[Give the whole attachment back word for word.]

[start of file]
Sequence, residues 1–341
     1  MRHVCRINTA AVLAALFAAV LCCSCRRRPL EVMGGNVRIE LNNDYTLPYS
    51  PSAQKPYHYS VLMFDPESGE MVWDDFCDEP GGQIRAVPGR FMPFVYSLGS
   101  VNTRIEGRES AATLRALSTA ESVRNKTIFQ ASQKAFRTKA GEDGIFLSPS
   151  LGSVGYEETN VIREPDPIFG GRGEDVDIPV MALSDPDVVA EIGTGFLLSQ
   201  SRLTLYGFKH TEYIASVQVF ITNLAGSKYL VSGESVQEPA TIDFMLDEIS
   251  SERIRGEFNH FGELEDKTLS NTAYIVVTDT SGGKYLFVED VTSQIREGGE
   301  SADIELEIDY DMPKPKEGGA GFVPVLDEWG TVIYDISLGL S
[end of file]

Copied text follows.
Sequence, residues 1–341
     1  MRHVCRINTA AVLAALFAAV LCCSCRRRPL EVMGGNVRIE LNNDYTLPYS
    51  PSAQKPYHYS VLMFDPESGE MVWDDFCDEP GGQIRAVPGR FMPFVYSLGS
   101  VNTRIEGRES AATLRALSTA ESVRNKTIFQ ASQKAFRTKA GEDGIFLSPS
   151  LGSVGYEETN VIREPDPIFG GRGEDVDIPV MALSDPDVVA EIGTGFLLSQ
   201  SRLTLYGFKH TEYIASVQVF ITNLAGSKYL VSGESVQEPA TIDFMLDEIS
   251  SERIRGEFNH FGELEDKTLS NTAYIVVTDT SGGKYLFVED VTSQIREGGE
   301  SADIELEIDY DMPKPKEGGA GFVPVLDEWG TVIYDISLGL S